Advanced Topics in Causal Research

“I like distance learning because of the interaction with a diverse, international student group of…”
Esther de Groot, Amsterdam - The Netherlands
“E-learning, as provided by Elevate, is a good opportunity to do part of the MIH on a distance.”
Tabitha Kievit, student, Tokyo - Japan

This online course will address two important topics in causal epidemiologic research, namely confounding and effect modification. These topics will be discussed in the context of both etiologic research and observational intervention research. Effect modification and confounding are difficult concepts to understand and often mixed up. In this course the theory as well as the practical side of these issues will be discussed.

One particular problem in causal research is that the observed relation between a determinant and an outcome is attributed to that determinant, while in fact the observed relation should be attributed to another variable. This form of bias, often referred to as confounding, is central in this course. Other sources of bias, notably missing data and measurement error are not addressed in detail. 

Epidemiological research often focuses on quantifying the relationship between a treatment, risk factor, or exposure and health outcomes. The treatment, exposure or risk factor is often referred to as the determinant. The motive of a researcher is often to find out whether the observed relation between the determinant and the outcome is causal. This course deals with this type of research.

Learning Objectives

At the end of the course, you'll should be able to:

  • understand the concept of confounding
  • understand the different methods to determine whether there is confounding and to adjust for confounding, and is able to apply these methods in a computer practice
  • understand more advanced methods to adjust for confounding namely propensity score method and instrumental variable method, and is able to apply these methods in a computer practice
  • understand the usefulness of sensitivity analysis to estimate the impact of unmeasured confounding, and is able to apply these methods in a computer practice
  • understand the concept of effect modification
  • understand the difference between effect modification on an additive and a multiplicative scale and is able to calculate effect modification, and its confidence interval, on an additive and a multiplicative scale by hand and by computer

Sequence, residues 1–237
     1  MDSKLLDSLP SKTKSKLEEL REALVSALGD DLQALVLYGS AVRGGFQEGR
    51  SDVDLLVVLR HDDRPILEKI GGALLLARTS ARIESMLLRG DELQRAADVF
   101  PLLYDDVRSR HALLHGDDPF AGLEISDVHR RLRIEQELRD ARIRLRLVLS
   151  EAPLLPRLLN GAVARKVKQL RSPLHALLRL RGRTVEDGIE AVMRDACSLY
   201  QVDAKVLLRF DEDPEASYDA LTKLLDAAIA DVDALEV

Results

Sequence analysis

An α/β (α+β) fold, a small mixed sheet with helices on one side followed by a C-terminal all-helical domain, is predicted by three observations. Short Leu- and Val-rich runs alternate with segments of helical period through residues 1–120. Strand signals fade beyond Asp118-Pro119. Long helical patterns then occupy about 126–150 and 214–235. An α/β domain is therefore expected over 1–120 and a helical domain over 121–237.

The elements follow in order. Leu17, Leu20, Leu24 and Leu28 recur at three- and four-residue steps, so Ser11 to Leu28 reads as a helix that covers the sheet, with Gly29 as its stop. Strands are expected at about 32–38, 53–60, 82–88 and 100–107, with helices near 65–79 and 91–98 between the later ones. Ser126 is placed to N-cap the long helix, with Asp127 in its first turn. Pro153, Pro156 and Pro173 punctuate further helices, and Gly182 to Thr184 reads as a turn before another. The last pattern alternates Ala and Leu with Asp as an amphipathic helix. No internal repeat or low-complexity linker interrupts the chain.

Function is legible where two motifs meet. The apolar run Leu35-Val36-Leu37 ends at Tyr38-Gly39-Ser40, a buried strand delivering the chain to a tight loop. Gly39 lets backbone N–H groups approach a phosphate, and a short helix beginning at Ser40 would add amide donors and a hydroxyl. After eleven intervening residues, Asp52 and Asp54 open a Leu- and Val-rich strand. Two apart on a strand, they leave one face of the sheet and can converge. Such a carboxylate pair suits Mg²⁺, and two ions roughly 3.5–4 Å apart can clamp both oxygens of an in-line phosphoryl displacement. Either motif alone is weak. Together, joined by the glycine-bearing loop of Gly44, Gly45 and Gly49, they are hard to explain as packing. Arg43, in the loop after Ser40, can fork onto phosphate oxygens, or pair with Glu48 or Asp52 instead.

• understand the different ways to present effect modification in a paper and can derive information on effect modification from published studies
  • understand the difference between effect modification and confounding

Course Deadlines

Please note that you are required to hand in assignments during some of the learning units in this course:

Week 0
Sunday before start date - introduce yourself

Week 1
Sunday – complete Learning Unit 1

Week 2
Sunday – complete Learning Unit 2

Week 3
Sunday – complete Learning Unit 3 and 4
Sunday – submit final assignment

Accreditation

As this is a university course, it is covered by academic accreditation. Upon passing the final exam, you will receive a recognized certificate from Utrecht University and the UMC Utrecht.       

Examination

To successfully complete this course, you need to actively participate in the discussion forums and complete the final assignment. The deadline for the final assignment will be announced as soon as possible. You are allowed to redo the final assignment once.

Course staff

Supervisor

Enrollment

Pick a date for this course:
(Enrollment deadline: 14 January 2019 - 23:59 CET)
113 days left.

Quick overview

  • 28 Jan 2019 – 17 Feb 2019
  • 3 weeks
  • 14 hrs/wk
  • Academic Certificate
  • 1.5 EC
  • Online learning with guidance and support
  • English
  • Weblectures, individual assignments, group assignments
  • Desktop, Laptop, Smartphone, Tablet
  • 785

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